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Friday, October 19, 2012

America COMPETES 2010 and the FY2013 Budget

Heather B. Gonzalez
Specialist in Science and Technology Policy

The 112th Congress faces several funding decisions that may affect implementation of the America COMPETES Reauthorization Act of 2010 (America COMPETES 2010, P.L. 111-358). Signed on January 4, 2011, this law seeks to improve U.S. competitiveness and innovation by authorizing, among other things, increased federal support for research in the physical sciences and engineering; and science, technology, engineering, and mathematics (STEM) education.

The President’s FY2013 budget request seeks increased funding for many America COMPETES 2010 research-related activities but includes few specific requests for the law’s STEM education provisions. This approach is consistent with prior legislative and executive actions. The FY2013 request seeks an increase of 4.1% for the so-called “doubling path” accounts at the National Science Foundation (NSF), Department of Energy’s (DOE’s) Office of Science, and National Institute of Standards and Technology’s (NIST’s) core laboratory and construction. This growth rate is less than the authorized rate of 6.3% and equal to the FY2012 enacted rate (4.1%). Some legislators have expressed concerns about the feasibility of the doubling effort given the nation’s current fiscal challenges.

P.L. 112-175 provides continuing appropriations to federal agencies at the FY2012 funding level plus 0.612% from October 2012 through March 27, 2013. However, the Budget Control Act of 2011 requires automatic funding reductions (or sequestration) at federal agencies beginning in January 2013. Office of Management and Budget estimates of the anticipated sequestration’s effect on federal agency budgets suggest that COMPETES Act programs could experience reductions of about 8.2% from FY2012 enacted funding levels.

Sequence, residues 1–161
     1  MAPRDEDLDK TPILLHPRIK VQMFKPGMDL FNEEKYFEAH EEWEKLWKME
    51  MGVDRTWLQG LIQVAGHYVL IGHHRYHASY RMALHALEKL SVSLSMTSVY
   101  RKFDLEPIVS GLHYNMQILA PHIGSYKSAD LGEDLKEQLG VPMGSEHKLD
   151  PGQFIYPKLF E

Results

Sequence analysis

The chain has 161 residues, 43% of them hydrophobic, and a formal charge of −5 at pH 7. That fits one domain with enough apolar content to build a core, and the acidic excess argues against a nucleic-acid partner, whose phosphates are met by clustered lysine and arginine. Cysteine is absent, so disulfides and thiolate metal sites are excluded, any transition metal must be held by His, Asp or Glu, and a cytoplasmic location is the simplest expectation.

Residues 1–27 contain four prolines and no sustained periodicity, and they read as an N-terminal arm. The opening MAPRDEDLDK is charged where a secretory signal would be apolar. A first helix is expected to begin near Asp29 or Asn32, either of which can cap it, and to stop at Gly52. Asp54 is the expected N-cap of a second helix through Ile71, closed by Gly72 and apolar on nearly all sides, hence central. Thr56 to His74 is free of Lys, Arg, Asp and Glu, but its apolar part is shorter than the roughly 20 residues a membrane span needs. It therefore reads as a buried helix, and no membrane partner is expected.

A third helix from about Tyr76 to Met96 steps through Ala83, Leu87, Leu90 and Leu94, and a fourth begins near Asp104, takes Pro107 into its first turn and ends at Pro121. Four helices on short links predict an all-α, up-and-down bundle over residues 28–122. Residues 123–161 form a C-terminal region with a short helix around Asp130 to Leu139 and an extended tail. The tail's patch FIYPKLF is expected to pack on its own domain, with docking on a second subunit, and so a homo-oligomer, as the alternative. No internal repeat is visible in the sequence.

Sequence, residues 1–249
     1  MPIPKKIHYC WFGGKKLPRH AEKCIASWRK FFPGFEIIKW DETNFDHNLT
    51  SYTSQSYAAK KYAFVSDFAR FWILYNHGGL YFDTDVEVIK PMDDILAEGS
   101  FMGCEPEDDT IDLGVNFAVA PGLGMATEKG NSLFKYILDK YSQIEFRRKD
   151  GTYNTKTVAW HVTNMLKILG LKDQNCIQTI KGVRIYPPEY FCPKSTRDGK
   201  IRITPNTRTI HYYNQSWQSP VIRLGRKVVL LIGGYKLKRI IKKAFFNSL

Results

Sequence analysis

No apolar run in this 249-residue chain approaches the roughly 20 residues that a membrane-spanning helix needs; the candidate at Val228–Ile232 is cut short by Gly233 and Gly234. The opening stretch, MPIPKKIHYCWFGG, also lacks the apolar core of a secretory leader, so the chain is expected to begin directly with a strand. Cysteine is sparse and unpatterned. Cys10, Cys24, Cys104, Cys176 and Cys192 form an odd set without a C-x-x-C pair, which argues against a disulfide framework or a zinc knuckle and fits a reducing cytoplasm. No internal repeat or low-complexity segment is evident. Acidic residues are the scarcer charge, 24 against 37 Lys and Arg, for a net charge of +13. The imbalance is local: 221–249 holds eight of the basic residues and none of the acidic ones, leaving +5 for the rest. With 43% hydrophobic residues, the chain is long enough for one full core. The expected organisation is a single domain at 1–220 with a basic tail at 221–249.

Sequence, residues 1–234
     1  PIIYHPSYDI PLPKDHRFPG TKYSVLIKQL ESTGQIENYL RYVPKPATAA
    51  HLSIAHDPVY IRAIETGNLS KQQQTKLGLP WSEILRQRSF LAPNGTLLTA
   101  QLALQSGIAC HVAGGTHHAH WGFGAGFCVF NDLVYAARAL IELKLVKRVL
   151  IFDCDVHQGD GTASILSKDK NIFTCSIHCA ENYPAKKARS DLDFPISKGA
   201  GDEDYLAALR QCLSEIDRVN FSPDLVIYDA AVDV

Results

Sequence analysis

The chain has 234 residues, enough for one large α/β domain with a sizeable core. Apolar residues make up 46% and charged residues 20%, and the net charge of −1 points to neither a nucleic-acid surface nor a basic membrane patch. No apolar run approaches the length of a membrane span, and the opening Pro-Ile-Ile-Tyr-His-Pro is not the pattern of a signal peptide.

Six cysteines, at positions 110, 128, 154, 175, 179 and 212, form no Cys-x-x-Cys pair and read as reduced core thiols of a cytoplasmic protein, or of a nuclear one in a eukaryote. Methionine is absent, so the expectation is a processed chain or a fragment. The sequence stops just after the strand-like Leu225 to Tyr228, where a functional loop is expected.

In the regular appropriations process for FY2013, House and Senate appropriators moved on two of the three annual appropriations bills that typically contain funding for COMPETES Act provisions—Commerce, Justice, Science, and Related Agencies (CJS) and Energy and Water Development (E&W)—before Congress recessed in September. The House has passed its versions of these bills; the Senate has not. Table 1 includes the FY2013 funding status of selected provisions from America COMPETES 2010, the FY2013 Administration budget request, and from related congressional appropriations proposals.

In brief, the House and Senate bills would increase funding for the doubling path accounts in FY2013, but at a lower rate than in prior years. Proposed growth rates for these accounts are 3.8% (House) and 3.9% (Senate), which correspond to almost a 20-year doubling period. The House and Senate bills disagree about funding for the Advanced Research Projects Agency-Energy (ARPA-E). The House bill provides $200.0 million for the program while the Senate bill recommends the authorized level of $312.0 million.

Regarding STEM education, both the House and Senate bills propose the full request for NSF’s main education account. If enacted, that funding level would be the account’s first increase in two years. The House committee report expresses concern about DOE education activities and recommends reduced funding for some programs. Both the House and Senate bills would provide the requested funding level for the DOE Office of Science’s main education and training account.

Date of Report: October 9, 2012
Number of Pages: 24
Order Number: R42430
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